QUICK CHAT: Communications are always a problem in a disaster, but the Instant Network Mini should help. The 11 Kg backpack takes only a few minutes to set up as a network provider. Its secure 2G GSM network can provide up to 5 concurrent calls within a radius of 100 metres and enable text messages to be sent to thousands of people. The GSM base transceiver station connects to a host network over a satellite connection. That's the kind of equipment any NGO or aid office could keep on standby, next to their regular emergency kit.
SWEET SPOT: A device from GSMA can monitor blood sugar levels continuously without needing constant pin pricks to draw blood. The device attaches to the body and send signals via short range wireless to a small handheld monitor. The data is then sent on to a cloud-based app. Users can then download data with their smartphone or a computer. This means that people with diabetes can tell at any time what their blood sugar levels are.
This system could allow people with diabetes to participate more easily in activities such as endurance sports. That should be a huge relief for some.
FUN IN THE SUN: If you live in Europe you may have bought yourself an Xkuty One electric scooter. The 42 Kg machine has a 1200 W motor and can travel between 40 and 100 Km depending on battery, at up to 35 Kph. With the Spark parking unit the scooter can be recharged with solar energy too. The Spark is a small shelter with solar panels on the roof. Drive the scooter in, plug it in and leave the batteries to charge. That's a nice pairing.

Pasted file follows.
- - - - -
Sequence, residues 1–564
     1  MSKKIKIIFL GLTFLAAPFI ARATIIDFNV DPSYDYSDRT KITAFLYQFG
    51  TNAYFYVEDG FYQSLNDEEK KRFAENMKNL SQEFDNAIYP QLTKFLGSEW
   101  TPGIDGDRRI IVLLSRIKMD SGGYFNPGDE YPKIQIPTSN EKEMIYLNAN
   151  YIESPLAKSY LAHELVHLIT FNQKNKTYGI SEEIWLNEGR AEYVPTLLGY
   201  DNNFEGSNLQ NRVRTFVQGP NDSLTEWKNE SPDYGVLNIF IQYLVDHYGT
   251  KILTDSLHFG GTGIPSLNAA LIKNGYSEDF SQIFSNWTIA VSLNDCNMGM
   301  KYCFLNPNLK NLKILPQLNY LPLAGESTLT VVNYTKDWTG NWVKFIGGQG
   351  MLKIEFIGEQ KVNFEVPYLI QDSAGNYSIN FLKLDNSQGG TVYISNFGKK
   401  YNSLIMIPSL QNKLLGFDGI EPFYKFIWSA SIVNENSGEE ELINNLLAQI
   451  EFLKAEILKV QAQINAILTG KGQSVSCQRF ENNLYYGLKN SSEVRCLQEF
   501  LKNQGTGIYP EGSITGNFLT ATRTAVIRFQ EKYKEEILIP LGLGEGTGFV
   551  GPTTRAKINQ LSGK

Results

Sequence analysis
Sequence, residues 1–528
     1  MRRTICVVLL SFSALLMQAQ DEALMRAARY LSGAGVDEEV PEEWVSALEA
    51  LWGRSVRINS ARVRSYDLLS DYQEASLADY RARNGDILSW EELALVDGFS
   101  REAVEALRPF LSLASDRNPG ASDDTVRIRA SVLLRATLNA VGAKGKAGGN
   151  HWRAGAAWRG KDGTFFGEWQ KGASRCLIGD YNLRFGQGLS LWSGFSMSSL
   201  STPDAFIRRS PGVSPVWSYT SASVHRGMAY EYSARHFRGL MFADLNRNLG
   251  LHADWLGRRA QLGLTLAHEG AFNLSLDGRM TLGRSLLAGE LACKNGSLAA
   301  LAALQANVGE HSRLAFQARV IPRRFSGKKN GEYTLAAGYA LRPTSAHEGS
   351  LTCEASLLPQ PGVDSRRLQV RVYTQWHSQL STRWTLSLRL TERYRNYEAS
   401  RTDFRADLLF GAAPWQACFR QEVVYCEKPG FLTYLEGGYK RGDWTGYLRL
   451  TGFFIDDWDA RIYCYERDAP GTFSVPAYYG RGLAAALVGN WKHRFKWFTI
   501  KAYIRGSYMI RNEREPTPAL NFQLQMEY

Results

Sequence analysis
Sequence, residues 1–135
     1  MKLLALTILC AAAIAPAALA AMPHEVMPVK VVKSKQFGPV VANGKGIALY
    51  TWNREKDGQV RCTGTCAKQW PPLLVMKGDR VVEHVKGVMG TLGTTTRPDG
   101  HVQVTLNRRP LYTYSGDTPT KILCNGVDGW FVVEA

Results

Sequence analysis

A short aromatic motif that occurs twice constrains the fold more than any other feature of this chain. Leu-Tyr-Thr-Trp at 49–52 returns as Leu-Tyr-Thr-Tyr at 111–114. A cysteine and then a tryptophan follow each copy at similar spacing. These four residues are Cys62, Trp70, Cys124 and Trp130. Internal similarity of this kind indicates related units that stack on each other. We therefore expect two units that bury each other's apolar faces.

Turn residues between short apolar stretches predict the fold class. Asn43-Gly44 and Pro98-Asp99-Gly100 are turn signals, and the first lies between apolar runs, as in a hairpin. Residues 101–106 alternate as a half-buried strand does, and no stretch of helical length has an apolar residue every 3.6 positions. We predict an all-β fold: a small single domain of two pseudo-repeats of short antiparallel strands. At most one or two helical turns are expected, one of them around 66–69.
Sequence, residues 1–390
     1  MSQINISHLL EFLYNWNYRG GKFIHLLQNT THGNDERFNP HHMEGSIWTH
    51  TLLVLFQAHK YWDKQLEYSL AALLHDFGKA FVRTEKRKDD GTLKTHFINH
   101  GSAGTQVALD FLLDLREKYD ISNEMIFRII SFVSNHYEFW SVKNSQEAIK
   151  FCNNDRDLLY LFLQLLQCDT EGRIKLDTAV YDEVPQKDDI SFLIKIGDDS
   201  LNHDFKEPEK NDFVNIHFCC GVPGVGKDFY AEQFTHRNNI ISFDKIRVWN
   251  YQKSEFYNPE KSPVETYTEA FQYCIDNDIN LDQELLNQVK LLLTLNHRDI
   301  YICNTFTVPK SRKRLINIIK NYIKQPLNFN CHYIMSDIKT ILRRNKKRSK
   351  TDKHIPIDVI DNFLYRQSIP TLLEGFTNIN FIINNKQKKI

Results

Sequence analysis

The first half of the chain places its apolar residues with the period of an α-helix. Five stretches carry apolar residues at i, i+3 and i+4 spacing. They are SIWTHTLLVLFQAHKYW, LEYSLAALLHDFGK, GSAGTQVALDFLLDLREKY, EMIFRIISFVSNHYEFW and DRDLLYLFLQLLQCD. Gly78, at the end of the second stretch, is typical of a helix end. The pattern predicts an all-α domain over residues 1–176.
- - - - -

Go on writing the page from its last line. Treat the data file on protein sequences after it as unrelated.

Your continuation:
SQUEALING KEYS: With a Nokia phone and some Treasure Tags you need never lose your keys, bag or wallet again. Each tag is about the size of a box of matches and weighs only 13 grams. Pair the tag to the app on the phone and attach it to the item you want to keep track of, then if the two are separated both will emit a loud tone. One phone can be paired with up to 4 tags. The coin cell battery in the tag should last up to 6 months. A customisable spoken message could be much more fun than a simple tone.
FIT FOR SKIING: Rented ski boots may not fit just how you'd like them to, but custom 3D printed insoles could make your feet more comfortable. ALPrint let you download and print off a simple calibration mat. Stand on the sheet of paper, take a photo of your feet with the cellphone app and add some data about your weight, then their service calculates the correct dimensions for your insole. They print the insole with thermoplastic material on their 3D printer and send out the finished item. Now when you rent ski boots you could just slot in your own insole and head for the slopes.
Miraz Jordan, knowit.co.nz